Visit this artist's website: http://www.omaraportuondo.com
While other much-loved Buena Vista Social Club stars, like Rubén González and Ibrahim Ferrer, were lured out of retirement, OMARA PORTUONDO has been continually performing in public since the age 15, a legendary singer whose voice reflects a long, creative life of passion and music. She has been singing professionally for an incredible 70 years, and while revolutions and wars shook the globe, she has carried on, with indomitable elegance.
As a shy 15-year-old, she broke into the lush, sequined world of cabaret, following in the chorus line shoes of sister Haydee, and became a dancer at the Tropicana, the glamorous club that continues still in Havana. But singing was her forte, and she would spend weekends singing American jazz with the blind pianist Frank Emilio in his band Loquibambia Swing.
She sang in the all-girl Orquesta Anacaona in 1952, before with Haydee, with another female group Cuarteto D’Aida, a 1950s Cuban Spice Girls, directed and named after pianist Aida Diestro. Things began to really move for Omara and the group were signed to RCA Victor, toured the U.S., and backed up some of the biggest stars of the moment like Benny Moré (“the Barbarian of Rhythm”), Edith Piaf, Bola de Nieve, and Nat King Cole at the Tropicana.
As a soloist Omara accompanied some of the great innovators like Arsenio Rodriguez and Isolina Carillo. Her first solo album was released way back in 1959, entitled Black Magic.
After the Revolution of the same year, Omara carried on touring the States until things reached a crisis point with the Missile Crisis and Cuban-American relations were broken off. Omara and the Cuarteto D’Aida were in Miami when her sister, along with many other Cuban performers, decided to stay. Omara returned to Cuba and in a way filled a gap left by the departure of so many musicians from Cuba, and her career flourished – at first with a reformed Cuarteto D’Aida and then, from 1967 onwards as a solo artist.
The U.S. was off limits, but she toured with Orquesta Aragon in Europe and in Africa. She married and divorced and her son became her manager. Omara, a documentary film about her career, won a prize at Cannes in 1986.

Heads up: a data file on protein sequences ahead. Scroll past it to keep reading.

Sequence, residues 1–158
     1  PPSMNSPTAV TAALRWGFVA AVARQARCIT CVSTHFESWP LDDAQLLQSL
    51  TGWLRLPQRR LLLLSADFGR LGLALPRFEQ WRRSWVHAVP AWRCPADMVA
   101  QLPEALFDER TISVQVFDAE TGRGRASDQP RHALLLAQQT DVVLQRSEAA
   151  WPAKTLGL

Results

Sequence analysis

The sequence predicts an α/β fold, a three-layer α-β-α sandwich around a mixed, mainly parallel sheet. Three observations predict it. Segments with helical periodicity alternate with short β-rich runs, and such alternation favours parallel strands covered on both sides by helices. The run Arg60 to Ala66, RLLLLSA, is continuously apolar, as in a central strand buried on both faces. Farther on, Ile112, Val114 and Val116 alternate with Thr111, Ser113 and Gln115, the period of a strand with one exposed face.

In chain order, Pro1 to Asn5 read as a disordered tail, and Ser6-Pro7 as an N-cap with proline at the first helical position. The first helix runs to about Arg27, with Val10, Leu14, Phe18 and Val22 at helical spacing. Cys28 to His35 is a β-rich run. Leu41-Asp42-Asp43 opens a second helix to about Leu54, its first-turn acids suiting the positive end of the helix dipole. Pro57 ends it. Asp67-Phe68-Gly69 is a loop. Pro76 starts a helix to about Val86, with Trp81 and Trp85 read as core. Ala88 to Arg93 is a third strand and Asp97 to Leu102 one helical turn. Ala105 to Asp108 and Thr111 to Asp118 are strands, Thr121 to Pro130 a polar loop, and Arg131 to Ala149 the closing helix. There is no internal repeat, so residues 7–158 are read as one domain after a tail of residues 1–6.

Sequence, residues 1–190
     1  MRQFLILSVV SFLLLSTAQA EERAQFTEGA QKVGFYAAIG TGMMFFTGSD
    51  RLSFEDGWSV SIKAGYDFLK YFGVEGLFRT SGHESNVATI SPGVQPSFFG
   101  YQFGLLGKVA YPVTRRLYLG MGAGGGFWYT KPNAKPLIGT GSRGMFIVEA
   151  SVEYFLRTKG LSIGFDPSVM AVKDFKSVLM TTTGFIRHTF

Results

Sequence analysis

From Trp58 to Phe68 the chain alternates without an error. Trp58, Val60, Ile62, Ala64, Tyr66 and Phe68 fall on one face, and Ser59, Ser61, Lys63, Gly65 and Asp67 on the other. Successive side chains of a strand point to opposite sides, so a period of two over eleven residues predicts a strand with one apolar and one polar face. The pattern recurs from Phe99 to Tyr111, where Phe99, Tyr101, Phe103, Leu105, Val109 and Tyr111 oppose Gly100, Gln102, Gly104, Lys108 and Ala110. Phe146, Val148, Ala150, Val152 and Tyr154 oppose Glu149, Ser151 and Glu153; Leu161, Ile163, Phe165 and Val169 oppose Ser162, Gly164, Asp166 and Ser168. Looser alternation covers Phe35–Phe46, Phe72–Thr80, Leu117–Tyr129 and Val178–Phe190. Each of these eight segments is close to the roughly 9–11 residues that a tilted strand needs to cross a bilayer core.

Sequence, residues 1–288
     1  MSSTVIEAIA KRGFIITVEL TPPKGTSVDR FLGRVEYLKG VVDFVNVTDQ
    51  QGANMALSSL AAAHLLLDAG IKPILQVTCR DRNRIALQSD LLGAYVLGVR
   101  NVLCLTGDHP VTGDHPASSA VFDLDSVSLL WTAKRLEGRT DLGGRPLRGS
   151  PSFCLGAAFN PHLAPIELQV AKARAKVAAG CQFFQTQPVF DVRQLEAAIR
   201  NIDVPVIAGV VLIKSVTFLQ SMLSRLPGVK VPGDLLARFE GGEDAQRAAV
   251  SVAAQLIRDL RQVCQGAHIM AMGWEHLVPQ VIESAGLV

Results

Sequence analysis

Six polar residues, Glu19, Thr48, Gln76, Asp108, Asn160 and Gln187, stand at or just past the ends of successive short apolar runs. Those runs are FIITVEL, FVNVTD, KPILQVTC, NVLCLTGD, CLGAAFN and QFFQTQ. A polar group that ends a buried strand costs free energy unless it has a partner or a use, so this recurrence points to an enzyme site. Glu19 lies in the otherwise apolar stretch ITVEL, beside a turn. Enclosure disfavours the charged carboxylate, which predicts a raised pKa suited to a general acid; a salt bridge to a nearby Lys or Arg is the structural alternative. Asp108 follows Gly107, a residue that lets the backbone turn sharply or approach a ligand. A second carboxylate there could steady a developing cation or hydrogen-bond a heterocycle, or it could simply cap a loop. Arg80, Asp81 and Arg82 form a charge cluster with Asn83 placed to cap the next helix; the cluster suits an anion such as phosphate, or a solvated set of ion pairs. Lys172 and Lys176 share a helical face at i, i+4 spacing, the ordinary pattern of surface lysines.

In 1997, just when she had hit normal retirement age and might be expecting to slow down, the Buena Vista Social Club project boosted her profile throughout the world. The eponymous album ricocheted round the world and novelist Salman Rushdie called 1998 “that Buena Vista summer.”
Her solo album of 2000 picked up a Grammy and was followed by the Brazilian tinged Flor De Amor in 2004, which featured a song with family resonance, called “Tabu,” about inter-racial love. Other recordings and tours followed – a 60th anniversary album Gracias and stellar collaborations with Cuban jazz pianist Chucho Valdés. She was the first Cuban woman to be an International Ambassador for the Red Cross. In recent years, she’s sung everywhere from the Royal Opera House in London to the Latin Passion festival in Hong Kong.
The best way to celebrate Omara’s 85th year and 70 years of performing professionally? A very special worldwide tour, which includes some exceptional invited guests. The great Cuban diva and artistic ambassador of her country wants to celebrate with a grand fiesta which represents the impressive sweep of her career – at every stop meeting with old friends and new to perform much-loved Cuban classics together, from “Besame Mucho” to “Veinte Años.” The tour will reflect different aspects of her long career, taking it way back to her younger years and her continuing love of elegant cabaret, from the Buena Vista days right up to the present with different tastes and flavors of what will be a musical feast, full of piquant sabrosura.
As Cuban writer Ivan Garcia put it, “Her voice is still lush, as it was when she sang in her parents’ dressing room. In Cuba, some things are lacking. But we do have Omara Portuondo. She still lives in an apartment overlooking the sweep of the Malecon in Havana, and even if her dynamic career slows down it’s hard to imagine she won’t be lured out to some of her old haunts like the Café Cantante or the Tropicana.”
Producer Ry Cooder said of the Buena Vista Social Club musicians that he was lucky, as we all are, to “have caught the tail end of a comet” – of a great music culture that was cut off for decades.
Omara Portuondo is a diva in the best sense, an ambassador of Cuba to the world. Now in her mid-80s, there is a sense in which the curtains of an era are slowly, elegantly coming down. But she will forever, as the old show business adage has it, “Always leave them wanting more.”
— from a biography by Peter Culshaw